Impact HUB -- "an innovative and globally connected space that inspires individuals to become world changers" -- recently opened in Boston with the help of the CIC. This past Friday, Impact HUB Boston hosted some of Massachusetts's top social innovators, business professionals, nonprofit leaders, investors, educators, employers, and students to discuss what can be done to improve the education system.
It was not an ordinary Friday or a regular occurrence--it was triumphant feast filled with world-shaking "take-you-to-school" shenanigans. Boston participated in the largest for good dinner party in the world: The Feast Worldwide.
The Feast, a social enterprise based in New York, rallies hundreds of change-makers from over 24 countries to host dinner parties at 7:00pm local time on October 18th to work on one of three questions. Our group chose the following question:
"Why is it so hard to turn what you learn at school into real-world skills?"
Our co-host Justin Kang added: "How can we ensure every young person in Massachusetts gains such real world skills to thrive in the workforce?"
Bay Staters -- including folks from Citizen Schools, City Year, Harvard Law School, Tufts Medical School, Generation Citizen, GE, Boundless, and Foster Skills, and New Sector -- discussed the shortcomings and pitfalls of our current education system. We ardently believe current school curriculums are archaic; these static curriculums promote an 'old school' siloing of subjects. Real work and real life is not segmented this way.
Our co-host Janice Calliet -- Founder & Chief Catalyst of iStartup -- captured this sentiment in her event notes, "The problem is this basic model of teaching still exists today: teacher 'knows all' spews facts to children who memorize and regurgitates these facts onto a test." Many in attendance also supposed that students are not being exposed to the varied amount of career possibilities available -- as a result, many students are directionless.
Beyond munching on amazing homemade mini Caprese Bites and Oreo truffles, our feast generated potential solutions and individual commitments on how to close the gap between what students learn at school and real world skills. Here are some of my favorite solutions and commitments from the evening:
• Develop theme-based integrated coursework. In high school, I participated in Lee A. Archer Red Tail Youth Flying Program. My cohorts and I learned that calculus could be taught by teaching about smooth plane landings. Theme-based coursework allows for more synaptic synergies and makes learning more fun. Favorite commitments: "I will commit to foster an environment where it is okay to take risks and fail." and... "I will, as an educator, commit to being more conscious about not just teaching to test. I will create more meaningful assessments and connect my students to real-world experiences."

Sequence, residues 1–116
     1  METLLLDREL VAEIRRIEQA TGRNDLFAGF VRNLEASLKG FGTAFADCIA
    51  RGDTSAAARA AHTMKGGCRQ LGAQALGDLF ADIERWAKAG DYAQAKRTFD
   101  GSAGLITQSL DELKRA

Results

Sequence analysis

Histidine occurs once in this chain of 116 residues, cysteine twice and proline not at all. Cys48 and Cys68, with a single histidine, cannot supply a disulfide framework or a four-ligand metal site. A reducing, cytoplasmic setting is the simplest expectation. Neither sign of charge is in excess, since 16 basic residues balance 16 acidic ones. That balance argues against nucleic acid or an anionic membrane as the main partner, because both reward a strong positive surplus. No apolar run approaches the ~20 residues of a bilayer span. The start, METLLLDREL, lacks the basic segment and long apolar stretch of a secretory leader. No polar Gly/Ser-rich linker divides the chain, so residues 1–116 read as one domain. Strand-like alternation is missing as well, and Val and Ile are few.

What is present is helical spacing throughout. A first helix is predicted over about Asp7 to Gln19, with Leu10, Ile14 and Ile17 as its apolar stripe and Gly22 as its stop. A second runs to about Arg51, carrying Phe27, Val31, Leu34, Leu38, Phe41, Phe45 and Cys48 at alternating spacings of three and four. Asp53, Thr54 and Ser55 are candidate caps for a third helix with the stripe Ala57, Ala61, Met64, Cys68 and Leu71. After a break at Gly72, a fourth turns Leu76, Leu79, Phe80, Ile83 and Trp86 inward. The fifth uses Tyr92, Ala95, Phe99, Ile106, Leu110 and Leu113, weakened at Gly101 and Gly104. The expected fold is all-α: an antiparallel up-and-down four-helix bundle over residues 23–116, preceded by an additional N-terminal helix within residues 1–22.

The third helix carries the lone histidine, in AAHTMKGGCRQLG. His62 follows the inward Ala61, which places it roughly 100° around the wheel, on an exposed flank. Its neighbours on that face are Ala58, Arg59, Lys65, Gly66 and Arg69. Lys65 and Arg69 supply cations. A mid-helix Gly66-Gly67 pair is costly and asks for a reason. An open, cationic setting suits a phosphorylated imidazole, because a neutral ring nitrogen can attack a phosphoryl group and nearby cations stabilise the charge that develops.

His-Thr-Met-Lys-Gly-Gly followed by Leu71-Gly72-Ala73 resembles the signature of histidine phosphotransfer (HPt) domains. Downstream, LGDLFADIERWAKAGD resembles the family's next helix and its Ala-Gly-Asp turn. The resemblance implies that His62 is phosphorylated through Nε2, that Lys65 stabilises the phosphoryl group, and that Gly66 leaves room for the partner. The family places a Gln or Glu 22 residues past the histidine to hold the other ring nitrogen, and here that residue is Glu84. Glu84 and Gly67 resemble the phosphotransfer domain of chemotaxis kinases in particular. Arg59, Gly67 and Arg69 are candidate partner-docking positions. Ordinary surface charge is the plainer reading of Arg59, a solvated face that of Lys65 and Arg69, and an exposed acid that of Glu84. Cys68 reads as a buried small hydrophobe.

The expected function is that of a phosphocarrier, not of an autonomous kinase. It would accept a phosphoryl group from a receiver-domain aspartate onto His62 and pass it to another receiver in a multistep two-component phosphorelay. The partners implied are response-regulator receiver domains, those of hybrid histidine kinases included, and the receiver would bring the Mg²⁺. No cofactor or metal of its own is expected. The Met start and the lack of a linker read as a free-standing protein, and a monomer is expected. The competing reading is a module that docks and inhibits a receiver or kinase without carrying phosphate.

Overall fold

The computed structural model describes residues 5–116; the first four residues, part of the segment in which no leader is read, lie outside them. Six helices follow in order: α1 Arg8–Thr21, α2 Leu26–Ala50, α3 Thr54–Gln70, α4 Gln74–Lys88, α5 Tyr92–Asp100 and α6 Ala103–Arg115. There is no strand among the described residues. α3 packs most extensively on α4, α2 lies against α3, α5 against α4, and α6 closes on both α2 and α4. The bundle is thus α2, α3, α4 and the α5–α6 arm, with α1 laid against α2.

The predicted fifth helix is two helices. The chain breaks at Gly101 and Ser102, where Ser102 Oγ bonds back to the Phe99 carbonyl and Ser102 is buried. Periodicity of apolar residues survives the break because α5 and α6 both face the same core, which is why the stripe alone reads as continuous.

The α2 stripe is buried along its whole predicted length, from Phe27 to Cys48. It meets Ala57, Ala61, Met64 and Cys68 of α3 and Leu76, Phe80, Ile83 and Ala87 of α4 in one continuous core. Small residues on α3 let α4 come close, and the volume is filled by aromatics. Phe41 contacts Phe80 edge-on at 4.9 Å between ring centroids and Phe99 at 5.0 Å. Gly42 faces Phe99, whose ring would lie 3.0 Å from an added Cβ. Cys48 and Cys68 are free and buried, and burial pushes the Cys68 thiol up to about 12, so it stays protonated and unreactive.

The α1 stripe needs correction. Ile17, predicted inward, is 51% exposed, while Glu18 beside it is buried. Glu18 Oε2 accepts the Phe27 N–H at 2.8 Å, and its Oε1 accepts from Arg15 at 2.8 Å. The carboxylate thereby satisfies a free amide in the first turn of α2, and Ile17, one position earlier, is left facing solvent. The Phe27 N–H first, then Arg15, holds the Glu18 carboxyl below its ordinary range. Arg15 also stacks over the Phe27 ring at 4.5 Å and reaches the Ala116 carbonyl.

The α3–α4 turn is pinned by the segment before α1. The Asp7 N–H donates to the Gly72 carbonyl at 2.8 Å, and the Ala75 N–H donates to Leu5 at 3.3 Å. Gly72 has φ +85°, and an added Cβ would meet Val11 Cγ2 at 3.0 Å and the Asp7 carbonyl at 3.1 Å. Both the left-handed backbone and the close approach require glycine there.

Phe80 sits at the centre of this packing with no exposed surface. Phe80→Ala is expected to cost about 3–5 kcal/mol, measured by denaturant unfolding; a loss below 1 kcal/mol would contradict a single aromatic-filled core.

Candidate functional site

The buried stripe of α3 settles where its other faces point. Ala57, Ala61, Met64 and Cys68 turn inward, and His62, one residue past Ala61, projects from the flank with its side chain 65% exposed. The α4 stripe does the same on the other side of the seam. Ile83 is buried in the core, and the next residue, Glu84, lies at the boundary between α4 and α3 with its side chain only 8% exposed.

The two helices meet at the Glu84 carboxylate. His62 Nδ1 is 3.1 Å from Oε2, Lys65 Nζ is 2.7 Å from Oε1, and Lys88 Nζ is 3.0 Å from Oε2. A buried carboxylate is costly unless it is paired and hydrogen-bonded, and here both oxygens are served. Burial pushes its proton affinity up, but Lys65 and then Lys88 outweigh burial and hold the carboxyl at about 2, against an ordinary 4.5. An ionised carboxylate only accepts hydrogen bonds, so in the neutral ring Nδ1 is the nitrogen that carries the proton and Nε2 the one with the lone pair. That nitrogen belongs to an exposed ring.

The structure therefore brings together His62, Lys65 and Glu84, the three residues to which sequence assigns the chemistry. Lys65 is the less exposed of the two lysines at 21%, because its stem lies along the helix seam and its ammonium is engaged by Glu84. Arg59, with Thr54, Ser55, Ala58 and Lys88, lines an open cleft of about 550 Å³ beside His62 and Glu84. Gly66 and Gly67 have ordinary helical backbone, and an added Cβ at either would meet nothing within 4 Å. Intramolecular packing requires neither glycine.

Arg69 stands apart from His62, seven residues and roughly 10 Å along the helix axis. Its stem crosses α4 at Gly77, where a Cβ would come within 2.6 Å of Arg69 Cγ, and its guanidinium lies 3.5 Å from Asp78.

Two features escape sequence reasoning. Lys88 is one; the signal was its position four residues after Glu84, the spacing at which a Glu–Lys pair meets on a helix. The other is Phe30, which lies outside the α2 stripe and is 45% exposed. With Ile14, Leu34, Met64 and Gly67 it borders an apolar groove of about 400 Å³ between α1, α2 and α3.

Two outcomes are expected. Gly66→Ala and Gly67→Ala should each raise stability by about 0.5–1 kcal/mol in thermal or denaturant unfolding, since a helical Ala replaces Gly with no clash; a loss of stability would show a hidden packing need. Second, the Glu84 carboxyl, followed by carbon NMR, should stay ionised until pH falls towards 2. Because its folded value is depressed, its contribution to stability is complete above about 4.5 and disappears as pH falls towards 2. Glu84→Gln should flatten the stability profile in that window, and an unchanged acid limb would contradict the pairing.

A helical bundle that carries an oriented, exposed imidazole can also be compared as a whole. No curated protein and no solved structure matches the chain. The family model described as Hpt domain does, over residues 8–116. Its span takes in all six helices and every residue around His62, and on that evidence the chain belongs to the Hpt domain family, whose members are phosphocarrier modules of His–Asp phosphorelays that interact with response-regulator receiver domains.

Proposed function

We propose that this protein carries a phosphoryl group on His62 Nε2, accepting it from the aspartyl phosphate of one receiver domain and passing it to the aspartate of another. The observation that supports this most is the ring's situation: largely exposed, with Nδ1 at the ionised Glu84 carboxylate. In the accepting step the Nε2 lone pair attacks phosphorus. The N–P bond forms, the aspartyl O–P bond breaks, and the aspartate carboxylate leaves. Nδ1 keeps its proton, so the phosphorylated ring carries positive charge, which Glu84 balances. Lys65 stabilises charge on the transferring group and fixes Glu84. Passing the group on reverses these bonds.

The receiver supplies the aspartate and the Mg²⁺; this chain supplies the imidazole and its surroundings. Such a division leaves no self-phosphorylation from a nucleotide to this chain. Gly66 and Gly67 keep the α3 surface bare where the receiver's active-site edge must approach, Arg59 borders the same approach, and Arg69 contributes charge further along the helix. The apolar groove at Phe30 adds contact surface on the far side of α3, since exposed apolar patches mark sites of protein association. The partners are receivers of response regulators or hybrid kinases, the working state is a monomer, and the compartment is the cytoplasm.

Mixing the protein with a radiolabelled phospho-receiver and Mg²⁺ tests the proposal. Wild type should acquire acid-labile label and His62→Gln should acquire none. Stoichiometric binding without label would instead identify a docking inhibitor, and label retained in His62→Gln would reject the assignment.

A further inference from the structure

• Create more apprenticeships and co-op programs. Enstitute is reinventing apprenticeships for the 21st century. Also Northeastern University's co-op program allows students to gain up to 18 months of real-world work experience while still in college. Programs and universities that empower students to combine "learning by doing" models make school experiences real and relevant. Favorite commitments: "I will invite our elders (seniors) into the classroom experience and ask for their support and wisdom." and... "I will not accept "I never learned how to do that" from my interns."
• Open and ongoing dialogue between educators, employers, and policy-makers. Boston City Councillor Tito Jackson facilitated the conversations between policymakers, school officials, and employers in order to improve the quality of education in Roxbury. Recently, Governor Deval Patrick and Mayor Thomas M. Menino launched the RoxMAPP program, which allows students from Madison Park High School to attain an associate's degree from Roxbury Community College while they earn their high school diploma. Favorite commitments: "I will commit to believing that young people are assets in our community." and... "I will commit to civil and political engagement which can be a driving force in making these changes."
"We need to build on the current strengths of our school system, but we face some tough challenges. We need to create a broad, long-term collaborative effort -- specifically, we need to tackle high school reform, including stronger supports and individualized plans for success for students in each grade and providing practical curricula for students to prepare themselves a career," said Boston mayoral candidate State Representative Martin J. Walsh. "But we should be looking even earlier. We need: to establish universal pre-K for all students; to extend social and emotional learning programs to middle school, including wrap-around services for students; and to strengthen literacy skills for students of all grade levels. The foundation of Boston's future success and economic viability is our schools."
I am committed to turning creative "smart-talk" and actionable research into noteworthy bottom-up policies that empower students in the City of Boston to become self-learners and independent thinkers whom will have a chance in the world. Stas Gayshan, Founder and CEO of Space with a Soul and a fellow Boston Globe Innovator said, "It's great to see so many brilliant minds passionately engaged in making education better -I look forward to seeing the outcome!"